Traces the mysterious and conflict-ridden journey of the coffee bean from its Ethiopian birthplace, through Arabia and the Middle East, and on to Europe and the New World. The crucial role of the beverage in shaping the spiritual and social life of medieval Arabia and Turkey is explored and how it became irrevocably entrenched in the Western cultures.
When using coffee equipment for the first time, follow the manufacturer's instructions. A good idea is to take one coffee scoop, and, having filled and weighed its capacity content, use it all the time for ease of measuring.
If all the same equipment is to be used regularly and for the same amounts of coffee, note the number and size of the scoops of dry coffee required as well as the level of water in the measuring jug (cup). If it should happen that the first coffee brewed turns out to be weaker or stronger than preferred - all coffee is a matter of personal taste - make a note to adjust either the coffee, the water or perhaps the brewing time.
Many coffee makers have indicators for the level of water required for a specific number of cups, but this rarely seems to correspond to the actual number of cups poured, no matter what size cup is being used. If in doubt about the ratio of coffee to water, it is far better to use more coffee than may be required; if the brew is too strong, it can be diluted after brewing. Coffee made too weak, that is, with too little dry coffee, cannot be "undone".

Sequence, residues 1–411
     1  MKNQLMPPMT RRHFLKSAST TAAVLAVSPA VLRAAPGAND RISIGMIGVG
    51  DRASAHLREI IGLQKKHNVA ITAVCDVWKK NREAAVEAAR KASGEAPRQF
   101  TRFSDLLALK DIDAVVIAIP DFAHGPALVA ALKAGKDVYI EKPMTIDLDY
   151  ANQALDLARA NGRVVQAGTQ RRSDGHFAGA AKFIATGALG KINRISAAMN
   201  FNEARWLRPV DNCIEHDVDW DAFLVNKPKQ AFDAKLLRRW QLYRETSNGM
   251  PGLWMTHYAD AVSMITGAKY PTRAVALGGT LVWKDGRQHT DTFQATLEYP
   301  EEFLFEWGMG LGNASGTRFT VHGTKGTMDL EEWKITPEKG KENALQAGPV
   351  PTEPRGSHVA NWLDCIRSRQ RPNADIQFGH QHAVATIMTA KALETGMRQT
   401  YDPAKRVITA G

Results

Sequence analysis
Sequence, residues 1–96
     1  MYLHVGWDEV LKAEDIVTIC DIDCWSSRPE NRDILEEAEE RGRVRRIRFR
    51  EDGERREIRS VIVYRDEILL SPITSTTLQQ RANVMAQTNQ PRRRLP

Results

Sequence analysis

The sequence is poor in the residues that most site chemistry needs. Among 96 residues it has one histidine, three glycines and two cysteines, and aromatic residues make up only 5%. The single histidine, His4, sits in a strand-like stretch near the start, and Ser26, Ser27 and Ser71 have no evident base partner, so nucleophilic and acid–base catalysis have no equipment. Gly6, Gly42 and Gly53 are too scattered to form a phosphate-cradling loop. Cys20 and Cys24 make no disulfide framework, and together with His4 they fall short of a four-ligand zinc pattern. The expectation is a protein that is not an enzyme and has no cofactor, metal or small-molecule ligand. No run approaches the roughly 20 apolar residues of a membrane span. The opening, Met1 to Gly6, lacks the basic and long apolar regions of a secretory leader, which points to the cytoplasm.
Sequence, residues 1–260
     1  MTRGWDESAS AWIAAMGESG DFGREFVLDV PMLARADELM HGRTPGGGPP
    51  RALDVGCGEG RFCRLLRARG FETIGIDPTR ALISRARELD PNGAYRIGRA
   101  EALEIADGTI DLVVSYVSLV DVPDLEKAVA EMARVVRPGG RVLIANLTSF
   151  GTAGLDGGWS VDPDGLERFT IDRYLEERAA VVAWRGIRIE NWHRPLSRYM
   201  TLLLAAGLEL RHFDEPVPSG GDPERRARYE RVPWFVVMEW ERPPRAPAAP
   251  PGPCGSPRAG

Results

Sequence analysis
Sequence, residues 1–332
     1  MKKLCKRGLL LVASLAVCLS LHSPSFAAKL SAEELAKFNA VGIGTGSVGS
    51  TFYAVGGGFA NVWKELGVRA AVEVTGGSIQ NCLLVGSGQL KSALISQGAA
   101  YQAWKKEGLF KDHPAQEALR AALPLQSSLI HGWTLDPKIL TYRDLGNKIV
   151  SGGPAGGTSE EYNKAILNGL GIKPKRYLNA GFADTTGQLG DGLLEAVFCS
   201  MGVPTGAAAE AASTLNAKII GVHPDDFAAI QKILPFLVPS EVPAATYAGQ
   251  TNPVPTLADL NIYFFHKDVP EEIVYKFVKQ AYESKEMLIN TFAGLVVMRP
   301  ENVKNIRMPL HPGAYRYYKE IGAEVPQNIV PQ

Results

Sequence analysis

Remember that coffee grounds absorb some water, so the yield of liquid coffee will always be less than the amount of water used in the brew; 600 g of coffee will absorb 1.2 liters of water, which means that 1 g of dry coffee will absorb 2 ml of water.
As much as possible, never reheat coffee and never use the same coffee grounds more than once.
Any time a small amount of coffee (one or two cups) is being brewed, and the amount of coffee is not dictated by the size of the machine (as it is with the espresso pot, for example), use proportionally more dry coffee per cup. Approximately 50 g coffee per liter of water is almost exactly 1 oz per pint; this makes a slightly weakish "normal" brew and is a good starting point for determining preferred strength.